2. Homologous

Some bacteria change their properties by rearranging their own genes. We then distinguish between local inversion and gene conversion, eg in gonococci (Neisseria gonorrhoeae), when the antigenic composition changes, new serotypes are formed. There are a number of genes for antigens, only one is functional and the others are defective - multiplication and rearrangement of genes → a functional gene becomes defective and one of the defective ones becomes functional.

Interbacterial exchange of genetic information

  1. Conjugation
  2. Transformation
  3. Transduction

The shape of bacteria

Different shapes of bacteria.
  • round (cocci)
  • rod-shaped (vibria, spirils, spirochetes)

Types of bacteria and their way of life

Bacteria are equipped with numerous chemoreceptors → they respond by movement (positively / negatively) to:

  • oxygen concentration
  • lighting
  • chemicals (eg. glucose)
  • presence of their own metabolic products

Bacteria are highly adaptable.

Heterotrophic bacteria

They act as decomposers in the process of recycling substances in nature. It feeds on decomposition products and dead organic matter. As parasites they can cause infectious diseases in plants and animals.

Autotrophic bacteria

They are able to obtain energy through photosynthesis or oxidation of inorganic substances. The enzymatic equipment of bacteria is diverse - it corresponds to the environment to which they have adapted with their development.

Prototrophic bacteria

They are able to live on minimal soil and synthesize all the substances needed for life.

Auxotrophic bacteria

Biochemical loss mutations cause bacteria to be able to grow only in an environment that contains a substance that they are unable to synthesize.

According to the need of oxygen we divide bacteria into:

  • aerobic bacteria: they need oxygen for their metabolism
  • anaerobic bacteria: unable to survive in the presence of oxygen. Therefore, they endanger patients with tissue circulatory disorders, eg. after injuries.
  • facultatively anaerobic: bacteria capable of living in both aerobic and anaerobic environments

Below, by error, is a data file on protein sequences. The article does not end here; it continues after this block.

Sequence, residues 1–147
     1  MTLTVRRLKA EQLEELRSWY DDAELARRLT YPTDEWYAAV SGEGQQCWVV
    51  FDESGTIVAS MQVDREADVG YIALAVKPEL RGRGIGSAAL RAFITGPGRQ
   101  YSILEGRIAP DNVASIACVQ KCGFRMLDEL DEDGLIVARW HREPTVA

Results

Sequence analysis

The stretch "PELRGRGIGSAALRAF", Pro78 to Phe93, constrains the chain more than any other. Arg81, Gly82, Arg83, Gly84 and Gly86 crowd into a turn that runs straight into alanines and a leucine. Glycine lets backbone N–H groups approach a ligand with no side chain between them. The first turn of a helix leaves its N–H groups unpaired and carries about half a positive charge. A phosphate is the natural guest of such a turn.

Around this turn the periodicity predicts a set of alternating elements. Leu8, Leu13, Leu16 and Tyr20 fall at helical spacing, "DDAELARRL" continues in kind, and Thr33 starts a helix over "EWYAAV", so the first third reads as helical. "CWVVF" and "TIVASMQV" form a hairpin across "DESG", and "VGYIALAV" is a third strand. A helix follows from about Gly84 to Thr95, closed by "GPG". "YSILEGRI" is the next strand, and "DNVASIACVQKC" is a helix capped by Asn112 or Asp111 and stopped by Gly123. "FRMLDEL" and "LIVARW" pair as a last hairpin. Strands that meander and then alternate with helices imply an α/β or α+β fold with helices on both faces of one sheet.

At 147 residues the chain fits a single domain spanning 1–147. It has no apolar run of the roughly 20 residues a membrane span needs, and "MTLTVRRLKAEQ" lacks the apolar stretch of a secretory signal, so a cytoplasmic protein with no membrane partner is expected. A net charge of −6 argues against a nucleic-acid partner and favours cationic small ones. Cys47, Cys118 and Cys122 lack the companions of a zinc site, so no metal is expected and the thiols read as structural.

• capnophilic, microaerophilic bacteria: they grow best in environments with increased CO2 content

The importance of bacteria in medicine

E. coli is a rod-shaped bacterium that moves with the help of flagella. It is part of the intestinal microflora of all warm-blooded animals. It has its place in the large intestine and the lower part of the small intestine. As part of the intestinal microflora, it is beneficial to humans. It produces a number of substances that prevent the spread of pathogenic bacteria. In addition, it is involved in the production of certain vitamins. Humans have been colonized by this bacterium since birth.

This bacterium plays an important role in insulin production. (Insulin from pigs for slaughter used to be used for treatment. Due to allergic reactions, insulin production was switched to using genetically modified E. coli.) In addition, it is used in the preparation of human growth hormone, Lyme disease vaccine, amino acid production, parathyroid hormone and calcitonin. Probiotic E. coli strains can be used to treat infections caused by adherent invasive E. coli and in the treatment of Crohn's disease.

In genome engineering bacteria can help us due to the fact that they contain a small amount of DNA – plasmids. We isolate plasmids from the bacteria, attach parts of the DNA from the chromosomes of animals and plants to them, and use them to produce proteins that the bacteria themselves are unable to produce. In this way, for example, insulin and other important substances can be synthesized with the help of bacteria. Abroad, they produce insulin and growth hormone in this way.


Related articles

External links


  • ŠTEFÁNEK, Jiří. Medicína, nemoci, studium na 1. LF UK [online]. [cit. 11. 2. 2010]. <>.